Like many of my generation, my political awakening centered around three events in the 1980s: anti-apartheid activism, AIDS, and US intervention in Central America. It is with a real sensation of deja vu that I again see all three of those struggles (anti-Black racism, the disproportionate impact of a global health emergency on marginalized communities, and US militarism) repeating/continuing today. That’s why news that a former Salvadoran army colonel will appear on trial for his role in murders in El Salvador in 1989 caught my attention, and my breath.
When the Jesuit priests, a university housekeeper and her daughter were murdered in San Salvador, it was yet another in a string of assassinations of progressive, leftist and populist leaders. The six were among nearly 75,000 people killed during this period. Even at that time, it was clear that the US played a role, by providing training to Salvadoran military personnel at the then-called School of the Americas. It was also clear that the perpetrators would likely get away with their crimes, and that their attempts to derail the peace process in the war-torn country would likely succeed as well.
Ignacio Martín-Baró was among the Jesuit priests killed that day. The Spanish-born professor specialized in social psychology and worked among people all-to-familiar with trauma, violence and repression. The Martín-Baró Initiative at Grassroots International is proud to play a small role in continuing his legacy by supporting community health and wellbeing, particularly among those severely harmed by political repression, structural violence and social injustice.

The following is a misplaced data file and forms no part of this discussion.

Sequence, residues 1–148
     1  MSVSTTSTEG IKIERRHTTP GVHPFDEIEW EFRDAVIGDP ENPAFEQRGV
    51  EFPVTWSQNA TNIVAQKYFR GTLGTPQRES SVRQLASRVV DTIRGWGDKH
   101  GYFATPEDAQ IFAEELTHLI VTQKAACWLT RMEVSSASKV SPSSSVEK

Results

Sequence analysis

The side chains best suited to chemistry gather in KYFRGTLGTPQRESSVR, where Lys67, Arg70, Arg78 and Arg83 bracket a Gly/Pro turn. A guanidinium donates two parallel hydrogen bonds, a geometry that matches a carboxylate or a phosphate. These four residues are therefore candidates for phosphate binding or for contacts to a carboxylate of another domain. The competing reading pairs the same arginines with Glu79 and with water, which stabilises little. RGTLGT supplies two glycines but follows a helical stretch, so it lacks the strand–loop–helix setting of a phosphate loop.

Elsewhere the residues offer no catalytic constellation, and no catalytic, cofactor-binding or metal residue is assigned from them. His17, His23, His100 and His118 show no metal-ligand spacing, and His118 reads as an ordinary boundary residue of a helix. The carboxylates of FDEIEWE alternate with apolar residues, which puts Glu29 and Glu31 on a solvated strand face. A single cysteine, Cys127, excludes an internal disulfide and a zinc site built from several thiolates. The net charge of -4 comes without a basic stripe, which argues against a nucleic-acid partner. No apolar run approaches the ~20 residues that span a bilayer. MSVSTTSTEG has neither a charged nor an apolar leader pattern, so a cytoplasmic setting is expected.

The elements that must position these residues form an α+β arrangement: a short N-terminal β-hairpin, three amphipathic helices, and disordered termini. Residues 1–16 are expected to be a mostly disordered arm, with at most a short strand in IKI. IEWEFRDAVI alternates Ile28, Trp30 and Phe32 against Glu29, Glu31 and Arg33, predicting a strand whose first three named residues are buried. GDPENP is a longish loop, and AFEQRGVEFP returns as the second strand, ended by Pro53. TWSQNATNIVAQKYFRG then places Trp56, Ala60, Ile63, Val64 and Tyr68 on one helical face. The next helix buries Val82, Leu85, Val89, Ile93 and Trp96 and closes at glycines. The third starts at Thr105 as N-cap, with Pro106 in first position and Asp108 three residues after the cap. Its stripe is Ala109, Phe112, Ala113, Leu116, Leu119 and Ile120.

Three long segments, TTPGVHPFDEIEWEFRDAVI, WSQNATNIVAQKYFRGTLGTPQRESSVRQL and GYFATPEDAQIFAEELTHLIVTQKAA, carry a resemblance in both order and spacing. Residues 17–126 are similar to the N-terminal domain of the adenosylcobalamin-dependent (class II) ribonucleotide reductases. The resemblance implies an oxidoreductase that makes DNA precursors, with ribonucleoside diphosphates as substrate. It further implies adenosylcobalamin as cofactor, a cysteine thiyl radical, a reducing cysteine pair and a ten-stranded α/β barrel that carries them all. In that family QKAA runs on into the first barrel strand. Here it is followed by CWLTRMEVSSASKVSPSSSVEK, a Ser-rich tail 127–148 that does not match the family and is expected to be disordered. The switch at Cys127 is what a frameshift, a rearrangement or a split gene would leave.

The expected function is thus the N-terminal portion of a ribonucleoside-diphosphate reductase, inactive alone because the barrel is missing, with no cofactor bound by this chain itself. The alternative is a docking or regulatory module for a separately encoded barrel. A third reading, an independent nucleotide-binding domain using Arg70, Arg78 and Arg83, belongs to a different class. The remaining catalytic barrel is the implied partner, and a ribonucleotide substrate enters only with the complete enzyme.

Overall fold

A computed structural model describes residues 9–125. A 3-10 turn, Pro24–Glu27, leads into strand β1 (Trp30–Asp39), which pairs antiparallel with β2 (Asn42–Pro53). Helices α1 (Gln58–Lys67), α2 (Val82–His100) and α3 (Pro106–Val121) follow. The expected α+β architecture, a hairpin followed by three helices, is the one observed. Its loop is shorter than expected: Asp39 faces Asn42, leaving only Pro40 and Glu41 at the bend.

Now, some 30 years later, Spanish courts have succeeded in securing the extradition of Inocente Orlando Montano from the United States, where he has lived for the last 16 years. The former colonel and vice minister of public security is accused of participating in “the decision, design or execution of the killings” of Ignacio Martín-Baró and his companions, as well as untold numbers more over the course of his ignominious career.
It remains to be seen whether this will be a case of justice delayed — and whether after three decades of impunity one of the multiple plotters of mass killings will at last be held accountable. What remains undeniable is the persistence of resistance and movement building to call for justice. That persistence and determination are on display in the streets of the United States, and in the courtroom of Madrid.